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Escherichia fergusonii & coli

Projet(s): 


Coliscope: a sequencing project for the understanding of commensalism and virulence emergence in the Escherichia coli/Shigella species

The bacterial species E. coli/Shigella has both the characteristics to be (i) composed of natural isolates with various lifestyles and (ii) a laboratory model organism.
E. coli is an inhabitant of the gut microbiota of vertebrates, including humans, as well as a pathogen frequently involved in a broad spectrum of intestinal and extraintestinal diseases. In humans, E. coli and Shigella are responsible worldwide for some of the most common and severe infectious diseases, including diarrhoea, urinary tract infections, sepsis and neonatal meningitis (Donnenberg 2002). Furthermore, E. coli is the one of the most common etiologic agent of nosocomial infections. E. coli is also a model organism for which an extensive knowledge of its molecular biology and physiology has been accumulated.

The genetic population structure of E. coli is globally clonal. Phylogenetic analysis has shown that the species is composed of five main phylogenetic groups (A, B1, E, D and B2). Pathogenic E. coli strains are derived from commensal strains by several mechanisms, including acquisition of “virulence” operons, inactivation of genes and allelic variations. However, the role of the chromosomal genetic background in pathogenicity is attested to by the observed link between the type of pathology and the phylogenetic groups of the species (Escobar-Páramo et al., 2004a). Thus, it is mandatory to know the commensal genomic diversity to understand the emergence of the virulence. Up to now, genome sequencing projects have been concentrated on pathogenic strains, with the exception of the laboratory adapted E. coli K12 strain, which is not representative of the species diversity. In addition, the closest sequenced genomes available today for genomic comparison are from the species Salmonella enterica, which has diverged 120-160 millions years ago (Ochman and Wilson, 1987). This long divergence time renders the comparative analyses difficult to interpret.

The Genoscope will sequence the genomes of two commensal and four pathogenic human

The Genoscope will sequence the genomes of two commensal and four pathogenic human E. coli strains spanning an evolutionary time around 40 millions of years, as well as the one of the type strain of the E. fergusonii species, the closest E. coli related species. The list of the sequenced strains with their main characteristics is given below.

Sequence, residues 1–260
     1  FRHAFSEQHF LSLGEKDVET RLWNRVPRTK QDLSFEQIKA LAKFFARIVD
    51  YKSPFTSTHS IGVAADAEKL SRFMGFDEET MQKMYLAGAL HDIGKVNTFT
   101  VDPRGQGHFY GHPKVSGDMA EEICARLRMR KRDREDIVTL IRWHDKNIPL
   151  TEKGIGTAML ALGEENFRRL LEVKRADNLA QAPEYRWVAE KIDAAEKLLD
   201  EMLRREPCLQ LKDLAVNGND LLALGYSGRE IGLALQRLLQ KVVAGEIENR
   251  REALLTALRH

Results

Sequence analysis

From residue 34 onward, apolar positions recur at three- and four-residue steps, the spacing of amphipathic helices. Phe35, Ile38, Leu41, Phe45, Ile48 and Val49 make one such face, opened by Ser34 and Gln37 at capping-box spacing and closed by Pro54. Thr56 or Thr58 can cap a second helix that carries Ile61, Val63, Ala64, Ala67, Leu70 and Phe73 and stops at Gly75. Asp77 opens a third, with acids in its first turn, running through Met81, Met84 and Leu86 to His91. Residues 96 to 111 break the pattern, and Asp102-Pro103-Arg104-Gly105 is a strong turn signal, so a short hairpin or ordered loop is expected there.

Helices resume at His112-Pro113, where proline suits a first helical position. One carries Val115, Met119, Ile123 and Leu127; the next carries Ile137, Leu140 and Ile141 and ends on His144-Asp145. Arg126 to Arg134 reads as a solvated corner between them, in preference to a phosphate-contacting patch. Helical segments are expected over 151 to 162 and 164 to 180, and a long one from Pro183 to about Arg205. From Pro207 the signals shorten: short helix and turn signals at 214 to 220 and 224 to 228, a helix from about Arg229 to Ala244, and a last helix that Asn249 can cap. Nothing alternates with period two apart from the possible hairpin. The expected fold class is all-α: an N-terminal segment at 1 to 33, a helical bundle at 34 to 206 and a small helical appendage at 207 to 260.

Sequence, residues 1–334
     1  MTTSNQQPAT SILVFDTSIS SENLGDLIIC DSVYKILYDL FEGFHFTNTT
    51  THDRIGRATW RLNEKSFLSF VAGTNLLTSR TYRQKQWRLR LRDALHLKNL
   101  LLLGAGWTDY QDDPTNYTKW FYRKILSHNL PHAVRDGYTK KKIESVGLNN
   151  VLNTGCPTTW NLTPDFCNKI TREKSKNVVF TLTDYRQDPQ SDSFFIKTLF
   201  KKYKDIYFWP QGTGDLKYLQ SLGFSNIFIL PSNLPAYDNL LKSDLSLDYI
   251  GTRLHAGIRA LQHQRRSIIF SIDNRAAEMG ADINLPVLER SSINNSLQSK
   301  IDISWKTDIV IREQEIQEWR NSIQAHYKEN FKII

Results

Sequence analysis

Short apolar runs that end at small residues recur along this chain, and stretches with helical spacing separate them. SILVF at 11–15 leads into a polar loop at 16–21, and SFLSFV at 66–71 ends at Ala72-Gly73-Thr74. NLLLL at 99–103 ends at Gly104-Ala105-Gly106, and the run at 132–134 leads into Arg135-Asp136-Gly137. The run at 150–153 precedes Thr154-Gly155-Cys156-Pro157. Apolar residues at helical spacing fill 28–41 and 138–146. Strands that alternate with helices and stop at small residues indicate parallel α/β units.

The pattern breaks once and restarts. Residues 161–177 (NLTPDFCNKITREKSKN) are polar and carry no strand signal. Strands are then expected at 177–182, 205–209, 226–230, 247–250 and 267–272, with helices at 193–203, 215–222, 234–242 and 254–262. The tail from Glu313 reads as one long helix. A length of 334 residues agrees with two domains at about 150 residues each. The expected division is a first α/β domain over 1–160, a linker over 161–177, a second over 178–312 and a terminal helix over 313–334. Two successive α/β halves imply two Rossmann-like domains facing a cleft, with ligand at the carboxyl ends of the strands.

Two strains of the B1phylogenetic group:

  • Strain IAI 1, serogroup O8, was isolated from the faeces of a healthy man in the 1980s in France, and is devoid of the main extraintestinal virulence genes and avirulent in a mouse model of extraintestinal infection (Picard et al., 1999).
  • Strain 55989 is a diarrhea-associated isolate belonging to the enteroaggregative E. coli pathotype recognized as an emerging cause of diarrhea in children and adults worldwide (Bernier et al., 2002).

Two strains of the D phylogenetic group representing the two major D sub groups:

  • Strain IAI 39, serotype O7:K1, was isolated from the urine of a patient with urinary tract infection in France in the 1980s and is virulent in a mouse model of extraintestinal infection (Picard et al., 1999).
  • Strain UMN026, serotype O17:K52:H18, is a representative of a recently emerged E. coli clonal group (“clonal group A”) that is now a widely disseminated cause of drug-resistant urinary tract infections and other extraintestinal infections. It was isolated from a woman with uncomplicated acute cystitis in Minnesota in 1999 (Manges et al., NEJM 2001) and is highly virulent in a mouse model of extraintestinal infection.

Two strains of the B2 phylogenetic group:

  • Strain ED1a, serogroup O81, was isolated from the faeces of a healthy man who did not take antibiotics at least six months before the sampling in the 2000s in France. This strain represents a faeces dominant and persistent (over a six month period) clone, is devoid of the main extraintestinal virulence genes and avirulent in a mouse model of extraintestinal infection (Escobar-Páramo et al., 2004b).